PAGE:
Goldman Sachs Group Inc. (GS) is following Berkshire Hathaway Inc.’s (BRK.A) approach, doubling down on taking minority stakes in private equity firms, reported The Wall Street Journal on Friday. A freshly raised $2.5 billion by the investment bank's Petershill group, a segment of Goldman's asset management business, reflects a larger industry trend in which firms are choosing to stay private longer. (See also: Expect More Global Volatility: GS, Bridgewater.)
In the recent years, private equity firms have scored record amounts in funding from pensions and endowments to buy out companies and lend money to growth businesses. Last year, U.S. private equity firms landed over $362 billion, setting a record not seen in over a decade, according to data firm LP Source. Goldman had originally targeted $2 billion for its new fund, set to focus on passive stakes in midsized targets with assets between $5 billion and $20 billion.
The private equity space has been particularly attractive to longer-term investors, as funds typically hold money of major institutions for at least a decade in return for a cut of the profits and management fees throughout the period.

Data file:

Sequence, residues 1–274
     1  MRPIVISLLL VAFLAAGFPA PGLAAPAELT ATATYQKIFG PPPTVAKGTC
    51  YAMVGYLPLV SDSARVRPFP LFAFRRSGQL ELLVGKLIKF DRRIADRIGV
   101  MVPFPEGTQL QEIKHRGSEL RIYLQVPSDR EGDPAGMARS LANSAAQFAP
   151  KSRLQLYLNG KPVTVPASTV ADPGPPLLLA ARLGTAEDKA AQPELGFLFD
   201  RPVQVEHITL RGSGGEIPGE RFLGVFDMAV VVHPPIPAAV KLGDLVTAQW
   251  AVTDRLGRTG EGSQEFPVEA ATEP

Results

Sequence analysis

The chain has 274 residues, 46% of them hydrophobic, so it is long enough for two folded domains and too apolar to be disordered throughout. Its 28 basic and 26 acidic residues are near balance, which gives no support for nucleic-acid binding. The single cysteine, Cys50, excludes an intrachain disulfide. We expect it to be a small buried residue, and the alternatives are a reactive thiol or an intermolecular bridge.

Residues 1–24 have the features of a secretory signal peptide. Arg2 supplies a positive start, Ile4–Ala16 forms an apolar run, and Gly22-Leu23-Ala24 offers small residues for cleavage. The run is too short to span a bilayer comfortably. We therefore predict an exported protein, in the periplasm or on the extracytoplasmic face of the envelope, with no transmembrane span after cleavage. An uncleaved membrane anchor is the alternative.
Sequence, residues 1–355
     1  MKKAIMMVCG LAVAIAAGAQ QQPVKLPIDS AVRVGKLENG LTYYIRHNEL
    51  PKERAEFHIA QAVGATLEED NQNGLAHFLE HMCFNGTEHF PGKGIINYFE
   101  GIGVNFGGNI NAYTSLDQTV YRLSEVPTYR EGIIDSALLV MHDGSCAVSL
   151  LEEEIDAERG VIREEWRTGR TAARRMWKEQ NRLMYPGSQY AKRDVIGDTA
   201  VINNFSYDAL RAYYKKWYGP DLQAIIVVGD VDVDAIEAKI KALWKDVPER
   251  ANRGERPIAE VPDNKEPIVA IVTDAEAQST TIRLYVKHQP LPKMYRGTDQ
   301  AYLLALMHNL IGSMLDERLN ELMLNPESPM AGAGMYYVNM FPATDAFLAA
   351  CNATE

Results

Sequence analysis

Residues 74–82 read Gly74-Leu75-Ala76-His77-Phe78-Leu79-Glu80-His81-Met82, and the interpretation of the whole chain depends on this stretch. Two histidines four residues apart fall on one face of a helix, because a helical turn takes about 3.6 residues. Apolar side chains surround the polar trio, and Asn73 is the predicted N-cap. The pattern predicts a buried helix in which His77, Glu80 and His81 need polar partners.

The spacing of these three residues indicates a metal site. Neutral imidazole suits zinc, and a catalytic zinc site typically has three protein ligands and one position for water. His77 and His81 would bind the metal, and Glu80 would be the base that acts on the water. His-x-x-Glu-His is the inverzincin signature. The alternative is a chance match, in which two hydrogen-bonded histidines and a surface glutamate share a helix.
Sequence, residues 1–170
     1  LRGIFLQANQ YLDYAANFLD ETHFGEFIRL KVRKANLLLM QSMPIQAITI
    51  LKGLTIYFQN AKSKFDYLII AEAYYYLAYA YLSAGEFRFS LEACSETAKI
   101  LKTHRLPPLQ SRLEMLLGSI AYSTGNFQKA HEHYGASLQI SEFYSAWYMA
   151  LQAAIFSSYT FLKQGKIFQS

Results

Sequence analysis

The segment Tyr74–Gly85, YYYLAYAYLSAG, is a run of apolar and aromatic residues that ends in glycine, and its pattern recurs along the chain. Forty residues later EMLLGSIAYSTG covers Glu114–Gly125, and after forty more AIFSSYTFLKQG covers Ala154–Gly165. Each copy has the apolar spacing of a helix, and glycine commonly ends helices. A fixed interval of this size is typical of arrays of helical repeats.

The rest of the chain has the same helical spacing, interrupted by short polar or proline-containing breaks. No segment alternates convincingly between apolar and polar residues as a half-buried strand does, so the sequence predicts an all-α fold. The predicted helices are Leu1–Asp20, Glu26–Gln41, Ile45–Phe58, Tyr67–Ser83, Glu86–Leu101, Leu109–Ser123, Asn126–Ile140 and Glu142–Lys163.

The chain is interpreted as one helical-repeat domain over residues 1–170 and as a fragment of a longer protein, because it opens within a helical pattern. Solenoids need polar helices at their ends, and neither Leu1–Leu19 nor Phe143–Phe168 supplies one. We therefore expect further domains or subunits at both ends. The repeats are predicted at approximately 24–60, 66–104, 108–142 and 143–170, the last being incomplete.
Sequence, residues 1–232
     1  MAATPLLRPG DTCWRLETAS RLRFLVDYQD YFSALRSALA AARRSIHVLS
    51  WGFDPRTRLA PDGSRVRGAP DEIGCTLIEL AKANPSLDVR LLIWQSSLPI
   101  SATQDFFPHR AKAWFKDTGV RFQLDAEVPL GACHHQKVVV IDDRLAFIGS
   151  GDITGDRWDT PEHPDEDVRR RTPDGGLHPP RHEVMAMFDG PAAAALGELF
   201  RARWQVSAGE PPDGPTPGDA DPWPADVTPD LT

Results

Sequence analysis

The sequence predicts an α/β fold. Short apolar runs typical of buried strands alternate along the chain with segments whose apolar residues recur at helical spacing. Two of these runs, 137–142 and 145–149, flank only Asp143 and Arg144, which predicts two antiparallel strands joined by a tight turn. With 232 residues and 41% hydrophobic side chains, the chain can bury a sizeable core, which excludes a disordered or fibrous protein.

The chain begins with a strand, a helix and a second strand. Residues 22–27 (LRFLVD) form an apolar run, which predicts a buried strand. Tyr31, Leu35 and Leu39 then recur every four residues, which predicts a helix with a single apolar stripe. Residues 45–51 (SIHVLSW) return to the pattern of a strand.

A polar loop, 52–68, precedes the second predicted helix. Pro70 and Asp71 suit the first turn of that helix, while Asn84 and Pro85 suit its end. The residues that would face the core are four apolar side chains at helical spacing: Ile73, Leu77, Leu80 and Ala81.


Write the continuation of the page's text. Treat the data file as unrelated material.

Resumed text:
New Fund Could Open Up Private Equity
Goldman's new strategy, which includes Petershill Private Equity LP and other related funds, mirrors the approach of billionaire investor Warren Buffett's Berkshire Hathaway, which does not set deadlines to exit its investments. The WSJ suggests that over time, the bank could cash in on its positions by selling off stakes to investment managers and other buyers, or take a portion of the portfolio public. The latter would mark a milestone for the industry as it could open up the market to buyers outside of traditional investors in the asset class, including large institutions and the ultra-rich.
“If you’re a public investor, there are not a lot of ways to invest in private equity through the public markets,” said Michael Brandmeyer, the co-chief investment officer of Goldman’s alternative investments and manager selection group. “We think there could be a potentially enthusiastic audience for a listing.” (See also: Don’t Overreact to Higher Interest Rates: JPMorgan.)